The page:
Reconstructive Surgery After Trauma: Improving Patient Outcomes and Building the Evidence Base

In his talk, Justin Wormald explores how reconstructive surgery can help patients after trauma. Outlining the pioneering work of McIndoe and Gillies in the early 20th century, he then highlights his own expertise in hand injury surgery. As one of the most common injuries in the UK, hand trauma often highlights the taken-for-granted nature of healthy hand functioning. However, despite the frequency of this injury, there are two challenges facing this field. Firstly, there is a tendency for operated hand wounds to become infected after surgery, which is known as a surgical site infection. Secondly, there is a paucity of research assessing the means of preventing such infections. Therefore, Justin Wormald contextualises his own research, aiming to understand why patients get infected and how this can be prevented. In doing so he advocates the need to build an evidence base for reconstructive surgery, improving outcomes for patients by having less research, but better research.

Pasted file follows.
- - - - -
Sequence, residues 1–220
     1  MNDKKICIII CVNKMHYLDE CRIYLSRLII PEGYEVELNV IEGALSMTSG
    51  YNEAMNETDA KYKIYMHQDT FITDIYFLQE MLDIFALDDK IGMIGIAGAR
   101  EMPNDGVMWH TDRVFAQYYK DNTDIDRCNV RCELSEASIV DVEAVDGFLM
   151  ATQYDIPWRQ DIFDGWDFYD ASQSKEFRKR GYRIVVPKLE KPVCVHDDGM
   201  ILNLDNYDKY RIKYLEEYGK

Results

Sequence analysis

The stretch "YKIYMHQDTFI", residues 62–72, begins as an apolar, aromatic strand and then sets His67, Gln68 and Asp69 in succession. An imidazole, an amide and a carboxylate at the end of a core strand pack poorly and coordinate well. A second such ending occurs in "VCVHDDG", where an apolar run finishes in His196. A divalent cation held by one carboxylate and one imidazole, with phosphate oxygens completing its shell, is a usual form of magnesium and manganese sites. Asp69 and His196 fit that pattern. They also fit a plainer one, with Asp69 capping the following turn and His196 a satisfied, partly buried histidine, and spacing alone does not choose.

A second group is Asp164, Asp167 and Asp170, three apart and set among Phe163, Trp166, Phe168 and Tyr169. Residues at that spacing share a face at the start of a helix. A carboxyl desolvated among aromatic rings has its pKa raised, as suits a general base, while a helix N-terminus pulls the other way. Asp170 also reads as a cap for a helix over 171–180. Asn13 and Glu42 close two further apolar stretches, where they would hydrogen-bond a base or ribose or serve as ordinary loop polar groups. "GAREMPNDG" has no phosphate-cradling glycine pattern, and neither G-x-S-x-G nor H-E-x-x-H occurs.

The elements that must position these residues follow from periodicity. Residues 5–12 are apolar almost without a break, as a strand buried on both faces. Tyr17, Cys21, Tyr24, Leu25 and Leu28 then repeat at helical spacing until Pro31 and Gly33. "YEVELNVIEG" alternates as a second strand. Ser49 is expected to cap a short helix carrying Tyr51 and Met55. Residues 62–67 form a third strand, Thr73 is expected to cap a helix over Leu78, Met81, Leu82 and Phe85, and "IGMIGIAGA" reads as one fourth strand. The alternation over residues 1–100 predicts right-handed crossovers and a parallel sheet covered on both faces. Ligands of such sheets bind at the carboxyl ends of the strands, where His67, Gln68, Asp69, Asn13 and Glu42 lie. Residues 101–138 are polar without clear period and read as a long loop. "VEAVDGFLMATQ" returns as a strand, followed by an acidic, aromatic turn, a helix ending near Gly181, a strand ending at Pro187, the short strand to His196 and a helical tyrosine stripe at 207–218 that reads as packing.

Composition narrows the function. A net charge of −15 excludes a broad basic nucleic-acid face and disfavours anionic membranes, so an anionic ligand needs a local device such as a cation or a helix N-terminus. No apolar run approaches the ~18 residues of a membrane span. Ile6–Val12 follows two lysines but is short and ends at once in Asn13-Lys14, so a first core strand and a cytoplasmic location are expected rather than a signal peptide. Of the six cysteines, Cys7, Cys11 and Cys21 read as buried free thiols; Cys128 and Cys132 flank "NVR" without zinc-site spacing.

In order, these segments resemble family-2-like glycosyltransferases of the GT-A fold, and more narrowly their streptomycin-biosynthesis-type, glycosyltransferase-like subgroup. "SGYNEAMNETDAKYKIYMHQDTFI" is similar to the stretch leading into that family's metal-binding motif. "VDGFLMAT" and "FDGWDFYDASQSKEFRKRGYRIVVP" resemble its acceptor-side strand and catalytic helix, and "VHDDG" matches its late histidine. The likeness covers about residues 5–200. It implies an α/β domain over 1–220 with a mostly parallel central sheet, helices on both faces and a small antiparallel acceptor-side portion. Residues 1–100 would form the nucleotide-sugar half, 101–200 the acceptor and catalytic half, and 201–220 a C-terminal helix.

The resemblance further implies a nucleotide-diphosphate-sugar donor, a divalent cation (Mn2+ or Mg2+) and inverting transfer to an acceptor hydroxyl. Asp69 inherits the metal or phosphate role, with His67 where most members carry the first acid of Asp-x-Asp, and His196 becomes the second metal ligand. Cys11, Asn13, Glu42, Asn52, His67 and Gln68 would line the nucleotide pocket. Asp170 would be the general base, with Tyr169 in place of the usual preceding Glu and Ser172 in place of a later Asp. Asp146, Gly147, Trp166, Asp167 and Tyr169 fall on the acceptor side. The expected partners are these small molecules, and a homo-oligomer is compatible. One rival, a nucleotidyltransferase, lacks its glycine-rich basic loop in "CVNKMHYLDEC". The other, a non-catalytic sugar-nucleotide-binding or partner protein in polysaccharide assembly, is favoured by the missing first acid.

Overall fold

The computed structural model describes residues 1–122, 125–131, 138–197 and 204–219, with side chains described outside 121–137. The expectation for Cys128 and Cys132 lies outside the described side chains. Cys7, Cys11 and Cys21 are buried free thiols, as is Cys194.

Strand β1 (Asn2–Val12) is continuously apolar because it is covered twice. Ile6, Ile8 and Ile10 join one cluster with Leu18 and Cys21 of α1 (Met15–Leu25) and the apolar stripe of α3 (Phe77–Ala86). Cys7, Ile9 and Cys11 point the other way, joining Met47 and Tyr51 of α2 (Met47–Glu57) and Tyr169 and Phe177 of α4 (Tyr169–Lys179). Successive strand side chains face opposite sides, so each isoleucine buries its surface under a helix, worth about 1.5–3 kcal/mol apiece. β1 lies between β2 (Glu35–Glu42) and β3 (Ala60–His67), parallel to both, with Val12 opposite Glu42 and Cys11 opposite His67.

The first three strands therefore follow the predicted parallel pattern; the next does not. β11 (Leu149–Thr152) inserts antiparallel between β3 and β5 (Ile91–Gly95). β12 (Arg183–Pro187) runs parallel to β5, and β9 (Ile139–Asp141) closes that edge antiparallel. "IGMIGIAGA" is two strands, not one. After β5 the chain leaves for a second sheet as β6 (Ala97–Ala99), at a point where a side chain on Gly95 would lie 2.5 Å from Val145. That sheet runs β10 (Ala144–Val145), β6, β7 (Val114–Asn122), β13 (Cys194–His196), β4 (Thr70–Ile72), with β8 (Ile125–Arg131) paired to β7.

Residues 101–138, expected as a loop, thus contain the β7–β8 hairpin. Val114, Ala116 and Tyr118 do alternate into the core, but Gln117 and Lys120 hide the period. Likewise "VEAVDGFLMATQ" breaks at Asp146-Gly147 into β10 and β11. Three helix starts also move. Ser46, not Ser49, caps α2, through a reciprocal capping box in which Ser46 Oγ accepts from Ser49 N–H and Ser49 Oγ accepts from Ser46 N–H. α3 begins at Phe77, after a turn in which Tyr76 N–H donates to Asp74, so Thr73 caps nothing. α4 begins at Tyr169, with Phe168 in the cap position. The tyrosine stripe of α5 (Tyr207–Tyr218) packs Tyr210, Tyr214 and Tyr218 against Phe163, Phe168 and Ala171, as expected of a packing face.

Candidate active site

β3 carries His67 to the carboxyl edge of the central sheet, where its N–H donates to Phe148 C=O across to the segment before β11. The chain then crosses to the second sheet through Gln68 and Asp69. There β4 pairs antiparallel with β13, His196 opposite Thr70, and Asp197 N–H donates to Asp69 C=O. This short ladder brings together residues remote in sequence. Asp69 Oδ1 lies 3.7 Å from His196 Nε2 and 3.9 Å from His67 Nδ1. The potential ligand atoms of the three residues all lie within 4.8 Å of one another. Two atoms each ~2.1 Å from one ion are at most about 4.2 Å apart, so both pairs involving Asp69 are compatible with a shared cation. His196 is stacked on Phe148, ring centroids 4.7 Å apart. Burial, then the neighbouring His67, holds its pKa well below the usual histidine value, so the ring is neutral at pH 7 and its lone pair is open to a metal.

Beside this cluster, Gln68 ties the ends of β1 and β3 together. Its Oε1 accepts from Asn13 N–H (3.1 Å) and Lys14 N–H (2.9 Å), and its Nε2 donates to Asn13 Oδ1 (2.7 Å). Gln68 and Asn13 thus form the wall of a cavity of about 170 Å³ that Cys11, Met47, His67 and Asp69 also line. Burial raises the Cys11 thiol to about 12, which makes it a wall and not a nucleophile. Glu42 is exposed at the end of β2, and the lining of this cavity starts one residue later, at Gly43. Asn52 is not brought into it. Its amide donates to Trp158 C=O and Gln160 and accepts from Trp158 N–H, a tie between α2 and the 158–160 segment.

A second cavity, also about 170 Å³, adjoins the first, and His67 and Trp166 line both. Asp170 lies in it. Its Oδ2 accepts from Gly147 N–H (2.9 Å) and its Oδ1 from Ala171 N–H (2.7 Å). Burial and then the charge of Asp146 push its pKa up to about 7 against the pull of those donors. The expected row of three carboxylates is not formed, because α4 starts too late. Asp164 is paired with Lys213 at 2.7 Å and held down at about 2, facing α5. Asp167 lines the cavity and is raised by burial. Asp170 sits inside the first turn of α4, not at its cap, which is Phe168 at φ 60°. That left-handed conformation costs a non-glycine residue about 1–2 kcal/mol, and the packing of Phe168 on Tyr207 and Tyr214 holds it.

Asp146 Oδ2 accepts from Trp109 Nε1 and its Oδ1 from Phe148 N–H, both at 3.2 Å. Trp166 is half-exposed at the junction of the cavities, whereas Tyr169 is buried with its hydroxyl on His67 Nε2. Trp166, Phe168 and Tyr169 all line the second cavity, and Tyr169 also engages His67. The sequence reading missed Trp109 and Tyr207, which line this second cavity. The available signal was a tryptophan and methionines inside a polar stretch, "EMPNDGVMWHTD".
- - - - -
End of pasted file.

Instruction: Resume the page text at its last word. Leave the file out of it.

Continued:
Justin Wormald

Justin Wormald is an NIHR Doctoral Research Fellow and DPhil candidate in Musculoskeletal Sciences.  His research focuses on understanding and preventing surgical site infection following surgery for hand and wrist injuries. Hand trauma is common and can be severely debilitating for a large number of people in the UK. Hand and wrist injuries account for about 1 in 5 A&E attendances, culminating in around 5 million injuries per year in the UK. We know very little about infection in this group and there are few clinical trials of interventions to prevent infection after hand trauma surgery. You can read more about Justin Wormald and his research here.

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